FCA delays strong customer authentication amid industry concerns
As the deadline for strong customer authentication, a new two-factor payment authentication to tackle online fraud, draws near, a payment industry body has called for an 18-month delay on the roll-out.
Strong customer authentication (SCA) will come into effect on 14 September 2019 and SCA means all European shoppers (including the UK) will have to double authenticate all online payments over €30 (£26.95). This includes credit transfer via online banking, standard ecommerce card payments, card payments at POS (chip and pin) and more.
The regulations, introduced under the EU’s revised payment services directive (PSD2), are attempting to address payment fraud. According to UK Finance, a banking and finance industry body representing more than 250 firms, unauthorised financial fraud losses totalled £844.8m in 2018.
But while SCA has been a long-time coming, its looming rollout has some in the payments industry spooked. With just eight weeks until implementation, the European Association of Payment Service Providers (EPSM) has called for a minimum 18-month delay to the introduction of SCA.
The 67-member organisation has warned of “significant market disruptions” and “a disaster for consumers and PSPs [payment service providers]” if there is no delay to allow the industry to get itself ready.
“EPSM recommends that additional timeframes of 18 months for standard applications and up to 36 months for challenging applications (eg in the travel and hospitality sector) across all regions should be agreed in a harmonised migration approach”.
For merchants, the potential impact of stricter authentication could damage bottom lines as friction at checkout causes consumers to abandon their goods. European businesses stand to lose an estimated €57bn in the first year after SCA implementation, according to research commissioned by payment service provider Stripe.
SCA is basically two-factor authentication, as you might have for your email account. SCA authentication needs at least two of the following three elements:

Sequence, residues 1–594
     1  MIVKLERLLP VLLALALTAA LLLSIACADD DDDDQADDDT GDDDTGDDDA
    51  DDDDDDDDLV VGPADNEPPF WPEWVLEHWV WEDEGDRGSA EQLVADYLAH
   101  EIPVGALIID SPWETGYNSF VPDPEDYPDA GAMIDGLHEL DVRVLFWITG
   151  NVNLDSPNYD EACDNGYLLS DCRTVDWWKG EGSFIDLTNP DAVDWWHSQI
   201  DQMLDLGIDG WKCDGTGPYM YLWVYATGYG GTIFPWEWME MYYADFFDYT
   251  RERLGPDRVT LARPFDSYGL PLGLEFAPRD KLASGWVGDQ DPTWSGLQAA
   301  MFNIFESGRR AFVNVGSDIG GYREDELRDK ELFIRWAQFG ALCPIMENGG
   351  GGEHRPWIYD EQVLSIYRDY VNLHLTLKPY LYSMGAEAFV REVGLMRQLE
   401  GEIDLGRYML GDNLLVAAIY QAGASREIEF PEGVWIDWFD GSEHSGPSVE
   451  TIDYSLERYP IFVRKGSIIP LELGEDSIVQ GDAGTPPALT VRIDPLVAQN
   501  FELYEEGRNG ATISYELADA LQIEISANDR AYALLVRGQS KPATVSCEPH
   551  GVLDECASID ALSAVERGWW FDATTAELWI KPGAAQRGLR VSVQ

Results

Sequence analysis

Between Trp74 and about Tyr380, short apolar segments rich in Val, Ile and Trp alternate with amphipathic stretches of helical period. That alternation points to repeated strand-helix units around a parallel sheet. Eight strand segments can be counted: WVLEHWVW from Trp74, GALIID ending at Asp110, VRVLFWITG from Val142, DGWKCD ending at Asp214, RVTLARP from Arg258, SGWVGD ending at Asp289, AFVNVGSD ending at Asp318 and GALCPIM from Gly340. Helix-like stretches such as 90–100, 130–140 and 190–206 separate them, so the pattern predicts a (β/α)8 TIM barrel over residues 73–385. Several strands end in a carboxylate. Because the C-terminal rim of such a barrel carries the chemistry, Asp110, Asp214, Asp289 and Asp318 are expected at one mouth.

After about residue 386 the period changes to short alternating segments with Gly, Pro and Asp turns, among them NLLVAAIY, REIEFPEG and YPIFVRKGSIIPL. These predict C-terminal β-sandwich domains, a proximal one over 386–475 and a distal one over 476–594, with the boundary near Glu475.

Something the customer knows (eg a password or PIN)
Something a customer has (eg a phone or hardware token)
Something the customer is (eg a fingerprint or face recognition)
For payment service providers (PSPs) and merchants, this additional security needs to be built into your checkout flow. This, EPSM said, will require time and a careful migration so as not to damage providers and businesses.
In response to these concerns, the European Banking Authority (EBA) said it was “legally not able to postpone an application date that is set out in EU law”. The body added that there had been “sufficient time” for the industry to prepare for the application date of SCA, “given that the definition of SCA had been set out in PSD2 when it was published in 2015”.
The EBA also noted that PSD2 already granted an additional 18-month period for the industry to implement SCA. There was, however, a ray of hope for the ill-prepared: the EBA has said there will be some “supervisory flexibility” for PSPs as long as they “have set up a migration plan, have agreed the plan with their [national competent authority] (NCA), and will execute the plan in an expedited manner”.
The UK’s NCA, the FCA, has leapt on this supervisory leeway, stating that while the legal deadline remains 14 September 2019, it “recognises the challenges in meeting this deadline and has been working with the industry to develop a plan to migrate the industry to implement SCA for card payments in e-commerce as soon as possible after this”.
“We aim to quickly agree a plan with stakeholders across the industry that encompasses a blueprint for compliance and readiness, a timetable for achieving this, and key milestones and targets to deliver improved security of customer authentication and fraud reduction along the way.
“Once the group has finalised the plan and we have agreed it, we expect all participants to meet the agreed milestones, targets and final delivery date.”